About whiskey


In this section we briefly describe the types of whiskey. More information will be in a separate project. And so “the family of whiskey ...”


Today, a man, who has more or less came in touch with the world of whiskey, knows that this word is of Celtic origin and its original name uisge beatha is translated as the water of life. You can also give a generalised definition of this drink: whiskey is a product obtained by distillation from a mash of cereal crops, among which to varying proportions is barley malt. The resulting alcohol must be aged in oak barrels. The whole process of whiskey production is defined by law of each country where the drink is produced. Also, each country has its own classification of whiskey.


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Scotch whiskey

Let's start with Scotland. Three main types are malty, grain and blended.

Malt whiskeys are only from malted barley using a double (rarely triple) distillation in copper stills and aged in oak barrels for at least three years. Grain whiskey is a blend of various herbs with the obligatory presence of malt (not less than 10%), distilled in a distillation column and aged in oak barrels for at least three years. Blended whiskey is the result of mixing the two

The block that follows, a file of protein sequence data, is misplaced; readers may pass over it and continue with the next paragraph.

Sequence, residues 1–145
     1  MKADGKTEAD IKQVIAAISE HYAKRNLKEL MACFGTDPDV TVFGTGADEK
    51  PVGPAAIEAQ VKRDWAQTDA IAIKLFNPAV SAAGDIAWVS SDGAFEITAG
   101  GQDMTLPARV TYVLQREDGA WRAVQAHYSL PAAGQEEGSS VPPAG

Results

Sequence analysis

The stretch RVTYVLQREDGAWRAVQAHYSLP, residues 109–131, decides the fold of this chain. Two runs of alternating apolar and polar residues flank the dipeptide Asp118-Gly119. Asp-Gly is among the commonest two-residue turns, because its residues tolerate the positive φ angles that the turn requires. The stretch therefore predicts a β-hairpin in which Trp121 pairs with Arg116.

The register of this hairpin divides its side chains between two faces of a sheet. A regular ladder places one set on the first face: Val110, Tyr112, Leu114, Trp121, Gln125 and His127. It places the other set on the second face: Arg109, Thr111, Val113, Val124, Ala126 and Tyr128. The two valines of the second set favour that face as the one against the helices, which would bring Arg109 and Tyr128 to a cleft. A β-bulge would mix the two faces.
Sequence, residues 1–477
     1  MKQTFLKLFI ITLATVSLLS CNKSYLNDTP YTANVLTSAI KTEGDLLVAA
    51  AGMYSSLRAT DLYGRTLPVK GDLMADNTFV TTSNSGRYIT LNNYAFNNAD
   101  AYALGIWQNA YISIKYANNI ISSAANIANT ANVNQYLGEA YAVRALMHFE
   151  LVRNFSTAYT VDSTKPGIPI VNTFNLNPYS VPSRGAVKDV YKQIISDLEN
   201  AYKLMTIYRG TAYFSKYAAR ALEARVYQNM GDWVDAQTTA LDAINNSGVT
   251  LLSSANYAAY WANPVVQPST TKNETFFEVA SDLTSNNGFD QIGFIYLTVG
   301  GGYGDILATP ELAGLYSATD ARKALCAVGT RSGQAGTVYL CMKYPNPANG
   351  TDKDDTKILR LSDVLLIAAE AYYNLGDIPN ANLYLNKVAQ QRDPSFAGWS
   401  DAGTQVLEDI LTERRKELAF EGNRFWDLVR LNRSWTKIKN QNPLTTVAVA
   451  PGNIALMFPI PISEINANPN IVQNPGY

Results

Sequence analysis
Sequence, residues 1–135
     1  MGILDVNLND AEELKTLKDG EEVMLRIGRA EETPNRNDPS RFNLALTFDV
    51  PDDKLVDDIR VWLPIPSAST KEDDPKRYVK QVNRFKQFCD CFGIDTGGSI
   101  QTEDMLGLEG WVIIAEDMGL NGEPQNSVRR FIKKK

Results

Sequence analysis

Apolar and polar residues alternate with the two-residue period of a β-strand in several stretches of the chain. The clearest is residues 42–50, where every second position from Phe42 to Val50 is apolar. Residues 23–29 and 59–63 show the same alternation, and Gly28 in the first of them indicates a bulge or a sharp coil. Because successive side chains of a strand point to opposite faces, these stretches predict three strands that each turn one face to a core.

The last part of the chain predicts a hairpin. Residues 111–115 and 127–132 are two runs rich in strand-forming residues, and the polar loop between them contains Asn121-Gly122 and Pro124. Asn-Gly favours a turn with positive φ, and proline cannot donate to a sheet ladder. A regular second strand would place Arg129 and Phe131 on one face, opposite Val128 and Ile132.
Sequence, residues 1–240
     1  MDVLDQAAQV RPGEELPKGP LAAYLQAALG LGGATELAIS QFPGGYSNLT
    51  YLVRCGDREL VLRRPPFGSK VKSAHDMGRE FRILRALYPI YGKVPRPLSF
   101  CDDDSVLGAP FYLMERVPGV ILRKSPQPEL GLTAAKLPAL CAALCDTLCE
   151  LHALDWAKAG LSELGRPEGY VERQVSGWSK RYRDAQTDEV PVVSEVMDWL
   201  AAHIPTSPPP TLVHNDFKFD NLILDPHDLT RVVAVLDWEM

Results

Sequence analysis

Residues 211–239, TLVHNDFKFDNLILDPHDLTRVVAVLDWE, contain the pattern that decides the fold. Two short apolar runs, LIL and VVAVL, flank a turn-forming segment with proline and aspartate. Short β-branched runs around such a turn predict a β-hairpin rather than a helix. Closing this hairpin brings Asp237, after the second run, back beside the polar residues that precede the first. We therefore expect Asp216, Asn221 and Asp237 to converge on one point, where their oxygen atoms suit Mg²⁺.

Irish Whiskey

In Ireland, there are such types of whiskey as malt, grain, blended, and a special kind as pot still. In Ireland, they use triple distillation and do not use peat for drying malt. The exception is the Cooley distillery, which by the production technology is closer to Scotland. Unlike Scotland with about 100 distilleries, in Ireland there are only three. But, nevertheless, they produce more than 30 different varieties. The first three categories are typical by the definition of Scotch, except for the above differences. A category of Pot Still is prepared from a mixture of malt and unmalts barley in distilling stills by the method of triple distillation. Whiskey is used for either blending or bottled straight, which unfortunately is extremely rare.


American Whiskey

In the U.S., the production of whiskey has a different story. It produces malt whiskey, but this is more nonsense than the norm. Of course the main pride of America’ whiskey production is bourbon. In general, the basic category can be considered Straight whiskey. The second category of blended whiskey can be unvoiced, because to the U.S. law it is a mixture of “straight” with the neutral alcohol with the addition of dyes and even flavouring agents. “Straight” whiskey is grain distillate, made from a mixture, which includes at least 51% of any one type of grain, and the remaining 49% may consist of a mixture of different grains. It is divided in turn into Bourbon, Tennessee, Rye and Corn whiskey. Classification speaks about the use of cereal crops. In the United States for the production of whiskey they use corn, rye, wheat and barley. Distilled strength should be at least 80% of alcohol, and bottled with strength of at least 40%. And it should be aged in burnt oak barrels for at least two years.